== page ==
Until the popular battle card game on iOS, Hearthstone: Heroes of Warcraft, makes it to Android, you can indulge in Blood Brothers. Part board game, part RPG and part card-based game, Blood Brothers is a unique game set in a dark world filled with mythical creatures. If you like your RPGs a bit different, give Blood Brothers a whirl. It won't cost you a thing.

Clash of Clans

Fancy a bit of strategy? Then jump headfirst into Clash of Clans, a realtime multiplayer online strategy game. You can build your village and defend it from attacks and train troops to attack other players. The biggest selling point of the game is the massive online community of players all hooked to it.

Dead Trigger 2

There's no better way to pass a boring train journey than killing scores of zombies. Dead Trigger 2 throws you bang in the middle of a zombie apocaplyse, where you just have to keep on killin’. With simple controls that let you focus on just running-and-gunning and a surprisingly deep crafting system, Dead Trigger 2 is a game you have to have on your smartphone. However, be warned: It’s gory and will need a beefy device to look it’s best.

Dots

Sick of those Candy Crush Saga-type puzzle games that flood your inbox with invites? Dots is a brand new smart puzzle game that not only plays smart but looks the part too. The premise is simple: You just have to join dots of same colours in 60 seconds. You can also connect online and play multiplayer. It is easily a fun and simple game you have to have.

Dungeon Hunter 4

Gameloft’s Dungeon Hunter series has always been the Diablo of mobile gaming. While it may not be as deep, it’s still a fun and frenzied dungeon romp. With four types of characters to choose from, tonnes of weapons and spells, there's a whole lot of loot to be found in Dungeon Hunter 4.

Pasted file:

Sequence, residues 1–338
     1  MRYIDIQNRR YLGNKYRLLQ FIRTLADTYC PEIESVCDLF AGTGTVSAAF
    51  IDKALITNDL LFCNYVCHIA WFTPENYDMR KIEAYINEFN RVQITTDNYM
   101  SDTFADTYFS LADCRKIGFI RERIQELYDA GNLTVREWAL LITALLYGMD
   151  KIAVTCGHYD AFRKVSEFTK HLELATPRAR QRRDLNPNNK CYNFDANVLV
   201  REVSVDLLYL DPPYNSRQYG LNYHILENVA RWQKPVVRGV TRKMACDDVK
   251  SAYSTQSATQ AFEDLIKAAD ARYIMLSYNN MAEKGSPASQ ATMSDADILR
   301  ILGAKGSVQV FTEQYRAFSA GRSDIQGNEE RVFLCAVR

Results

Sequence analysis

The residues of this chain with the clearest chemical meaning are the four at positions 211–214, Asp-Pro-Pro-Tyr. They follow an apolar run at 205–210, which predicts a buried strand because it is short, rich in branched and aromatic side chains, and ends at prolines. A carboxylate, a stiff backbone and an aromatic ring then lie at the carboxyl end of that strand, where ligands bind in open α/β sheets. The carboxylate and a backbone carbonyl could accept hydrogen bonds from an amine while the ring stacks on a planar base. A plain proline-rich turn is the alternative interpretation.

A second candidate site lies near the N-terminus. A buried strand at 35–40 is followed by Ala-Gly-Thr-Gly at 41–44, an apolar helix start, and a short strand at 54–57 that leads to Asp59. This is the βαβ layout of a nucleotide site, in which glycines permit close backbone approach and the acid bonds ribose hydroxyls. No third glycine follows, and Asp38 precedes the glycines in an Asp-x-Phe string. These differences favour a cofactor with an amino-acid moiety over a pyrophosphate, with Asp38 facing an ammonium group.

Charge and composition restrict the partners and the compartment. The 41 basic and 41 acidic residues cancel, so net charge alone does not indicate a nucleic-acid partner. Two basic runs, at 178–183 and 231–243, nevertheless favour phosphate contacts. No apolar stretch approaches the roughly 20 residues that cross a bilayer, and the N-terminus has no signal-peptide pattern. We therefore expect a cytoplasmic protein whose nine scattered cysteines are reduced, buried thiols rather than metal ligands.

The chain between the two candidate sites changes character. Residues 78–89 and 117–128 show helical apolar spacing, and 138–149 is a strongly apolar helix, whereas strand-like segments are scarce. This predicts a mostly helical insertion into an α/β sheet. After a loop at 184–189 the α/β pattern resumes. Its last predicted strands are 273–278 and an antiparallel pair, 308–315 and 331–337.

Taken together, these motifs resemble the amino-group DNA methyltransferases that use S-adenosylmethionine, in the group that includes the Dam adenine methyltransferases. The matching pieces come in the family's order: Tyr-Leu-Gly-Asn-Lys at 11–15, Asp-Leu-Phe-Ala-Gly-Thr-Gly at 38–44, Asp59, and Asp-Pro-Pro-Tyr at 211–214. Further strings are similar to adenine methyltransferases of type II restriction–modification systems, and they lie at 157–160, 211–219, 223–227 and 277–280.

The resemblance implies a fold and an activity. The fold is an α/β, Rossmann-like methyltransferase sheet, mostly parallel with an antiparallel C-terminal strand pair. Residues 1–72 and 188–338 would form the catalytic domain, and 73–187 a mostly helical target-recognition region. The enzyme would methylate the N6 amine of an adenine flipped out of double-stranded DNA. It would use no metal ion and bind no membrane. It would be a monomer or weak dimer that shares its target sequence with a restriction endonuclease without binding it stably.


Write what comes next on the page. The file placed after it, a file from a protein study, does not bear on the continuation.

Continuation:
Galaxy on Fire 2

Take to the stars in an unbelievable space sim game, much like the Wing Commander series. In Galaxy on Fire 2, you fly a spaceship in a huge game world, fight, trade and even mine for money. With superb graphics, easy-to-use flight mechanics, challenging dogfights in space and a pretty cool story, this game will put most PC games to shame.

Plants vs Zombies 2

This unique take on the zombie genre has won countless awards. Plants vs Zombies 2 is pure fun from the beginning to the end, and it’s free. Build an army of plants all supercharged with plant food to take on the zombie hordes. Don't let the humorous graphics and cutesy characters fool you, this game needs some serious tactical thinking.

Ready Steady Bang

A supremely simple game that is surprisingly fun. Ready Steady Bang is as simple as a good old gunfight in the good ‘ol western style showdown, where a quick and controlled trigger finger makes all the difference. It can get quite boring playing with bots, but when you get in another player who can play on the same phone your cafeteria fun time will become way more fun. Also, the old school LCD-look works like a charm in this game.

How Google Now puts Siri to shame


If you have Siri set to speak in English, she will not understand the word "gracias." But Google on Thursday updated its Google Now voice search and assistant app so it can quickly switch between multiple languages on the fly, CNET reports.

Rather than select a single language setting from Google's list of about 50, Google Now can now recognize and understand the speaker's language and allow users to switch up to seven different ones on the fly. According to Google, you'll have to pre-select your secondary languages, but after that the feature will work automatically.

In an interview with CNET, Google said "seemingly simple language-recognition tasks are much harder than they appear," and that it's still working on making Google Now a true linguist by understanding complex accents and minimizing ambient noise.

Simultaneous multi-language support will roll out to Google Now users within "the coming days," Google said.